The European Press Prize announces the greatest achievements in European journalism of the year at the 2019 Award Ceremony in Warsaw, at the Gazeta Wyborcza headquarters.
The 2019 awards go to an open source investigation with a spy novel-like plot, a harrowing tale of family separation at the US border, a near academic analysis of trans-atlanticism in the Trump era, a graphic novel with never seen before imagery of the destroyed city of Palmyra and a network of journalists whose mission it is to continue and publish the work of colleagues facing threats, prison, or murder.
The winners and runner-ups (listed below) were just announced at the Award Ceremony on May 23, taking place at the headquarters of Gazeta Wyborcza in Warsaw this year, in celebration of their 30-year anniversary. Natalie Nougayrède, who was the first woman to head Le Monde as executive editor in 2013, is the keynote speaker for the event.
For the 2019 edition of the European Press Prize, hundreds of local and international journalists from all across Europe sent in their best work. The winners and runner-ups were chosen by the panel of judges, which consists of chairman Sir Harold Evans (Editor-at-Large Reuters), Sylvie Kauffmann (Editorial Director Le Monde), Jørgen Ejbøl (Chairman Jyllands-Posten Foundation), Yevgenia Albats (Editor-in-chief The New Times) and Alexandra Föderl-Schmid (Correspondent Süddeutsche Zeitung).
The 2019 winners
These are the winners and runner-ups of the European Press Prize, sorted by category:
Distinguished Reporting Award – For exceptional reporting, presenting a story in the best possible way.
→ Winner: ‘Fifty-Six Days of Separation’
By Katrin Kuntz, Marian Blasberg (co-author), Christoph Scheuermann (contributor), published by Der Spiegel (Germany).
‘Fifty-Six Days of Separation’ describes how a mother and her six-year-old son flee to Texas from the violence in their homeland of Honduras. At the border mother and son are separated. Exactly 56 days later, mother and son find each other again, deeply changed.
→ Runner-up: ‘Viktor Orbán’s reckless football obsession’ by Dan Nolan and David Goldblatt, published by The Guardian (UK).
Innovation Award – For projects challenging the current boundaries of journalism.
→ Winner: ‘Palmyra, the other side’
By Guillermo Abril and Carlos Spottorno, featured in Süddeutsche Zeitung Magazin (Germany) and El País Semanal (Spain).
‘Palmyra, the other side’ is a reportage that brings insight into the current situation in Syria, after seven years of war. The piece is a fusion of media formats, including journalistic chronicles, a personal journal, a photo reportage and a graphic novel.
→ Runner-up: ‘Elections clouds cleared: which party, which candidate says what?’ by Efe Kerem Sözeri, published by P24 (Turkey).
Investigative Reporting Award – For discovering and revealing facts, exposing hidden news to the public.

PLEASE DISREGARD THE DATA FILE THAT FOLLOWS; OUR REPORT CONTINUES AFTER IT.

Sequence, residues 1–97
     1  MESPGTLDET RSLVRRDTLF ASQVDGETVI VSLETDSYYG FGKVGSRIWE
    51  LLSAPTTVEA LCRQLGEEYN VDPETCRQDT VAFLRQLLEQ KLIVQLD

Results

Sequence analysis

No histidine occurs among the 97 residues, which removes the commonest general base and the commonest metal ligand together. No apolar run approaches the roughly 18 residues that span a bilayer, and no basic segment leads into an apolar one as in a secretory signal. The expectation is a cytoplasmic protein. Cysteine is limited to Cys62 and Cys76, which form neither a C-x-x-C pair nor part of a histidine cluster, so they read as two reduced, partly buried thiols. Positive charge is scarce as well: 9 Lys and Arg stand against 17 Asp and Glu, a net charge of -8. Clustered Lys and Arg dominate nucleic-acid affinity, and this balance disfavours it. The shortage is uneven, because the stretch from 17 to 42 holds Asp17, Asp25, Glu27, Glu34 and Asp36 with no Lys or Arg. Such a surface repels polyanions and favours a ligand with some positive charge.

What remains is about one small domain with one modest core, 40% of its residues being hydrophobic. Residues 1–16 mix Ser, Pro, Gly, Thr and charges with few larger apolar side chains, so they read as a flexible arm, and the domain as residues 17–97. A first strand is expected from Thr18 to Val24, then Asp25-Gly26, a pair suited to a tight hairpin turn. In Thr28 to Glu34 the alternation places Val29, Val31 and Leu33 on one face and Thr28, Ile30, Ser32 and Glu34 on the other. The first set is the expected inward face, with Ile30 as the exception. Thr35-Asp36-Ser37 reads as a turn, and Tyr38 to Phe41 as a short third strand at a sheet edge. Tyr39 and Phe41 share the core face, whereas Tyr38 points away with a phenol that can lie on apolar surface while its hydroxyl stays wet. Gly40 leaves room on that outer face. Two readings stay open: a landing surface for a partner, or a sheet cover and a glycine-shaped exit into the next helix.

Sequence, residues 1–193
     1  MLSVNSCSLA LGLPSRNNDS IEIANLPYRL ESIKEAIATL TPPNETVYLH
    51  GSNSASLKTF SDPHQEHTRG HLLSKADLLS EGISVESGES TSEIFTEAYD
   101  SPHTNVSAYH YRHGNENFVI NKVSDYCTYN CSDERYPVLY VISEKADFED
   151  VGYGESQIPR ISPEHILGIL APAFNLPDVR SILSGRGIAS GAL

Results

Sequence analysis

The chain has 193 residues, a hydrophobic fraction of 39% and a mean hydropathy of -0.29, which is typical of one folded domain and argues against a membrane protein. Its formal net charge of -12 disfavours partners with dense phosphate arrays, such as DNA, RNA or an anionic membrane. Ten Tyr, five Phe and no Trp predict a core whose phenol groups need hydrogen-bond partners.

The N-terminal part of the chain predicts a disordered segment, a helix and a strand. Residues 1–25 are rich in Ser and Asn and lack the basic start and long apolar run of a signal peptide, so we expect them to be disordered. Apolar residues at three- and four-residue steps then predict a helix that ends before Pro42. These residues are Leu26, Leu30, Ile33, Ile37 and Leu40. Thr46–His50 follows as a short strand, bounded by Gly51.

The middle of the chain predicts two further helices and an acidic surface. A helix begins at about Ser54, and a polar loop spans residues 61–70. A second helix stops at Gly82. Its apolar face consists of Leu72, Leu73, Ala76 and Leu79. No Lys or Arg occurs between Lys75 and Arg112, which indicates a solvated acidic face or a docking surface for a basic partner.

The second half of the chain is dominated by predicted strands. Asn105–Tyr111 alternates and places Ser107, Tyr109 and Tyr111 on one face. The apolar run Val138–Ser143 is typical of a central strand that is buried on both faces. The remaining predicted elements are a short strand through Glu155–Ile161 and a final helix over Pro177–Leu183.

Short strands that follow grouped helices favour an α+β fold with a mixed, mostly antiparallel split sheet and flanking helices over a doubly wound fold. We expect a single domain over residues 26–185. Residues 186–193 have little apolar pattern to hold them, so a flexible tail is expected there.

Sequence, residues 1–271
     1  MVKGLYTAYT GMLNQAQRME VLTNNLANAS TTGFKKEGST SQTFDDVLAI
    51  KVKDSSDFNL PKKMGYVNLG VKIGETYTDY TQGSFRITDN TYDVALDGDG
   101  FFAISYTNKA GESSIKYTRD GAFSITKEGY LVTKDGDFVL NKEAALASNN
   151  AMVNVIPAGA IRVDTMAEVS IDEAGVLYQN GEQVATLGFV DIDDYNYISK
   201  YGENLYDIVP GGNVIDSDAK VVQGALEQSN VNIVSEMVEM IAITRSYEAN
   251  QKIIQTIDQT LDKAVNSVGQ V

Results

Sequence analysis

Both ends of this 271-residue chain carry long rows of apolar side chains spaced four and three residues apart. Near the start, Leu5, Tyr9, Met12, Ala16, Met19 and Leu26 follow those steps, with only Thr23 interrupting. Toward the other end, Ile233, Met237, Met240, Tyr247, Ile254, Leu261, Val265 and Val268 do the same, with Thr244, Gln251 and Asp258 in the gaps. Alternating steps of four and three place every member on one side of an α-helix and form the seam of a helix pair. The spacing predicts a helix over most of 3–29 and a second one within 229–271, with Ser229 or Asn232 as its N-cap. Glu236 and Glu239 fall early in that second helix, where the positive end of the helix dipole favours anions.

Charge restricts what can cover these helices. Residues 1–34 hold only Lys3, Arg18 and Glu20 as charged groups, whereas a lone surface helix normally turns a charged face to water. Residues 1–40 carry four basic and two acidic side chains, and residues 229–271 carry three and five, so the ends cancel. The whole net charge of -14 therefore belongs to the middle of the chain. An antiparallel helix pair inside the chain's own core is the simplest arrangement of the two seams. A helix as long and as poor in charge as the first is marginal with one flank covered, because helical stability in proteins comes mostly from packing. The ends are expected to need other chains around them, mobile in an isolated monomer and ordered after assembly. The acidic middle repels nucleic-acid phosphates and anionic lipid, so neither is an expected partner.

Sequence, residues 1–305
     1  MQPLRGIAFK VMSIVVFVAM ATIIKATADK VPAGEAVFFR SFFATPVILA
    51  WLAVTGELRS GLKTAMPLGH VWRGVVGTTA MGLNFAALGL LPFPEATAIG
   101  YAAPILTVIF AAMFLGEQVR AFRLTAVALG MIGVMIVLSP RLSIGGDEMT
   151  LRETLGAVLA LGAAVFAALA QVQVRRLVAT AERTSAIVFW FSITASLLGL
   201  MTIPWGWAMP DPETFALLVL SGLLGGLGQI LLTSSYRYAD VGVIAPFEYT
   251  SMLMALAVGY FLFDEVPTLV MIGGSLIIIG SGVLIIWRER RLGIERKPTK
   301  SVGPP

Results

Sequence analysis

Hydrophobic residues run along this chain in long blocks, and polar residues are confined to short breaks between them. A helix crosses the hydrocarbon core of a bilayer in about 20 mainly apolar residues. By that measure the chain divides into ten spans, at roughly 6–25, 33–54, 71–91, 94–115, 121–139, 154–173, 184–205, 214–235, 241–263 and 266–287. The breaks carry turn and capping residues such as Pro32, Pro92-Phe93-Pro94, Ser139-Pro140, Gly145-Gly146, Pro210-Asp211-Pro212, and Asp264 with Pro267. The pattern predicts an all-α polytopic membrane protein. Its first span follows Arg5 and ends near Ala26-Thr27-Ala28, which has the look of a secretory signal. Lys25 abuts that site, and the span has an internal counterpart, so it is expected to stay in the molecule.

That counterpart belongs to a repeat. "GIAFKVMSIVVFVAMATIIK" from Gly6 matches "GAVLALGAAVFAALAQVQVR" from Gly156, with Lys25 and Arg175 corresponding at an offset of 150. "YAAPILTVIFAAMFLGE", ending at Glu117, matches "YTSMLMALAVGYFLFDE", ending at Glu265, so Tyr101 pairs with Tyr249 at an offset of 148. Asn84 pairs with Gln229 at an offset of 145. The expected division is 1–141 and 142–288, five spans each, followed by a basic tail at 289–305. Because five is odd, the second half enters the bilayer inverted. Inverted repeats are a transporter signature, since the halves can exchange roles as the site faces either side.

→ Winner: ‘Unmasking the Salisbury Poisoning Suspects: A Four-Part Investigation’
By Christo Grozev, Roman Dobrokhotov and Daniel Romein, published by Bellingcat (UK).
Insider (Russia) and Bellingcat set out to identify the two mysterious men allegedly responsible for the Novichok poisonings. By using open source evidence, the journalists identified the real people behind the cover personas.
→ Runner-up: ‘Money laundering at Danske Bank’ by Eva Jung, Simon Bendtsen and Michael Lund, published by Berlingske (Denmark), and many since then.
Opinion Award – For a remarkable textual interpretation of the world we live in.
→ Winner: ‘The end of Atlanticism: has Trump killed the ideology that won the cold war?’
By Madeleine Schwartz, published by The Guardian (UK).
This piece shows transatlanticism through a new and transformative lens. Drawing on original reporting, archival history and close examination of documents not considered in the contemporary debate, it shows that the transatlantic alliance has long been a convenient myth.
→ Runner-up: ‘Let’s continue talking about murder, not Fico’s media tyranny’ by Beata Balogova, published by SME (Slovakia).
Category: Special Award – For excellent journalism, defying categories and disciplines.
→ Winner: Forbidden Stories
By the Forbidden Stories team and its partners.
Forbidden Stories is a network of journalists whose mission is to continue and publish the work of other journalists facing threats, prison, or murder. The goal is to keep their stories alive through international cooperation.
About the European Press Prize
The European Press Prize celebrates the highest achievements in European journalism.
The prize is made possible by a number of European media foundations who strive to encourage quality journalism in Europe: The Guardian Foundation, Thomson Reuters Foundation, The Politiken Foundation, Foundation Veronica, The Jyllands-Posten Foundation and Democracy and Media Foundation and The Irish Times Trust Limited. The prize partners with the Media Development Investment Fund, Agora Foundation (host of the 2019 ceremony), ANP and founding place De Balie.
The European Press Prize is awarded in 5 categories, each worth €10.000.
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